Once the war began, Treasury Secretary Salmon Chase feared that mounting deficits would spur inflation. Banks, which were funding the war, demanded action to ensure U.S. solvency, and tariffs, the country’s main source of revenue, had reached a peak. “Chase has no money, and he tells me he can raise no more,” Lincoln complained in 1862.
Initially 3 percent on incomes above $600 and 5 percent on incomes above $10,000, the income tax was intended to assuage class resentment of industrialists getting rich by supplying the Union. The tax was repealed after the Civil War, reenacted in 1894, declared unconstitutional in 1895, then reinstated with Theodore Roosevelt’s support. Republican William Howard Taft backed the ratification process that led to the Sixteenth Amendment, adopted in 1913. Democrat Woodrow Wilson signed the tax into law that year — and Democrats have been more inclined than Republicans to raise rates since.
2. The income tax dampens work and entrepreneurship.
In his 1990 autobiography, Ronald Reagan recalled that his longtime obsession with cutting taxes began in the 1940s, when he would stop making movies each year when his soaring marginal tax rate made it not worth the effort. Most economists agree that for many individuals and businesses, extremely high taxes discourage some economic activities. But how high must taxes be to have that effect? Liberal economists argue that taxes don’t discourage work for most people until marginal rates reach 60 or 70 percent. Conservatives disagree, saying that taxes must fall for the economy to rise.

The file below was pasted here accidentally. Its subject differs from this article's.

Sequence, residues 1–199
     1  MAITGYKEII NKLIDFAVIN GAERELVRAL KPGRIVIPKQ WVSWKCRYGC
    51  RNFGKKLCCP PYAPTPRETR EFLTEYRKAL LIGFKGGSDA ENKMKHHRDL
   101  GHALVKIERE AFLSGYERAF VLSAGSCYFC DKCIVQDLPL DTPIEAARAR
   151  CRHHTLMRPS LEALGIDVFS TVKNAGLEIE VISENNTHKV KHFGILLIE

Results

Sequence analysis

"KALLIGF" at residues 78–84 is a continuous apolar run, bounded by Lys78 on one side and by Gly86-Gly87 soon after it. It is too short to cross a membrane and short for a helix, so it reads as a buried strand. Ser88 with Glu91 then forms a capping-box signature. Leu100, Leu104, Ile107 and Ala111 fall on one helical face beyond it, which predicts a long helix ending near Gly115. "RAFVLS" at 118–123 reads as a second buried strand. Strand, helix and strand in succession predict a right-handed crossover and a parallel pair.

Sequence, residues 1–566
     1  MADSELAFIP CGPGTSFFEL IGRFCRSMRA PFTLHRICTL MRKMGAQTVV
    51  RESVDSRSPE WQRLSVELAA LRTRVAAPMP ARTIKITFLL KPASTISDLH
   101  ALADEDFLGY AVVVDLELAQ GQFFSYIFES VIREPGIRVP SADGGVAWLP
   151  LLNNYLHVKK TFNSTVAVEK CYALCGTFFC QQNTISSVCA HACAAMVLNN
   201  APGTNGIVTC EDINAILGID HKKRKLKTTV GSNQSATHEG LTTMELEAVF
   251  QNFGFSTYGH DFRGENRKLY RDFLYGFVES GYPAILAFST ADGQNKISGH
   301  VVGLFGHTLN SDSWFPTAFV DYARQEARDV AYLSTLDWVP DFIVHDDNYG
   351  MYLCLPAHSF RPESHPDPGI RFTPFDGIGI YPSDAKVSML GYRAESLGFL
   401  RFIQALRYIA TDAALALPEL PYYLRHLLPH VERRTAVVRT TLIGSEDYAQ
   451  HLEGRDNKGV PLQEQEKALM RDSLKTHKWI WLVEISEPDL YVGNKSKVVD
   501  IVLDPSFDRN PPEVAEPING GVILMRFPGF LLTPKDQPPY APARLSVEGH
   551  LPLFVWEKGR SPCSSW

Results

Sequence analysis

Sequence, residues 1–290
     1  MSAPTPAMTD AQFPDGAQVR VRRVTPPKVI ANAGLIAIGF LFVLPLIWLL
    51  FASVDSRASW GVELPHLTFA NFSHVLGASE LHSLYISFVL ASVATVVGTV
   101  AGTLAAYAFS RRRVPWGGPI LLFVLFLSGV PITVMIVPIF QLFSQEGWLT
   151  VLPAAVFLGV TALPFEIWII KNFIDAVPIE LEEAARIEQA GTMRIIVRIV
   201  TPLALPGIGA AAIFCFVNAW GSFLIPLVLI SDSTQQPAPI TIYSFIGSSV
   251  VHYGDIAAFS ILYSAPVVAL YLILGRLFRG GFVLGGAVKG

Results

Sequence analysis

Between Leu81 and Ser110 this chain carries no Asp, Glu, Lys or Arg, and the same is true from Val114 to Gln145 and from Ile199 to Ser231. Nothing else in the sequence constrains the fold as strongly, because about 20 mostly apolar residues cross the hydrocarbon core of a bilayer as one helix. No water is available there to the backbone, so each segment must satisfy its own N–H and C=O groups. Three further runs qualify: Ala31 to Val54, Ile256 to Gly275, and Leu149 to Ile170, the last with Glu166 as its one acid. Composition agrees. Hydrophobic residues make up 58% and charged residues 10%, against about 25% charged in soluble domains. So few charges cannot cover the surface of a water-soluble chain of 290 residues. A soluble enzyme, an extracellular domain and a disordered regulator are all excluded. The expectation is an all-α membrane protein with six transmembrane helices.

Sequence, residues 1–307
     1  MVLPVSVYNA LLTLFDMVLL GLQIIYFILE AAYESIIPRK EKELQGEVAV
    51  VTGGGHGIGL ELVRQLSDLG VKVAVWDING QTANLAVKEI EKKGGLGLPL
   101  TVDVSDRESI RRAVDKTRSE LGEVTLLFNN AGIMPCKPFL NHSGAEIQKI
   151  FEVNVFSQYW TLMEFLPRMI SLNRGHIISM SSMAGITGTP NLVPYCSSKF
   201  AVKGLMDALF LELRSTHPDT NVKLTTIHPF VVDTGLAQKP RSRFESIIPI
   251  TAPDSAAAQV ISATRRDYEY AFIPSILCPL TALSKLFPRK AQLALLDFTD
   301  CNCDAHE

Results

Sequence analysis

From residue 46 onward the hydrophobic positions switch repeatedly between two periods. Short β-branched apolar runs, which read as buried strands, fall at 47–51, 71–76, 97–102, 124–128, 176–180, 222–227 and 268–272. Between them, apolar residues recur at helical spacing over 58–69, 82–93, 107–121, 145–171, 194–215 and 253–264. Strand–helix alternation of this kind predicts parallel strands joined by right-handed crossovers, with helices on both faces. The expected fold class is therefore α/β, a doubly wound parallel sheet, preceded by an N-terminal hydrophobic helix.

Whether tax cuts generally spur economic growth and tax increases generally dampen it is debatable, however. Economic expansion was significant in the 1950s, when tax rates were at historic highs. Tax cuts signed by John F. Kennedy and Reagan were followed by sustained growth. But growth that followed tax increases under Presidents George H.W. Bush and Bill Clinton was greater than after George W. Bush’s tax cuts.
The nonpartisan Congressional Research Service reported in December that, for upper-income taxpayers, at least — “job creators” — cutting taxes has “little association with saving, investment, or productivity growth.” That report was revised after Republicans attacked an earlier version, but its conclusion was unchanged.
3. Taxes became less progressive because of the Bush and Reagan tax cuts.
The tax code is indeed less progressive at the top because of falling rates for the wealthy. The top marginal rate fell from 91 percent in the 1950s to 70 percent in the 1960s and 1970s, and again in the Reagan era to a low of 28 percent. It went back up to 39.6 percent in the 1990s, down to 35 percent after tax cuts under George W. Bush, and is now back up to 39.6 percent for families making more than $450,000.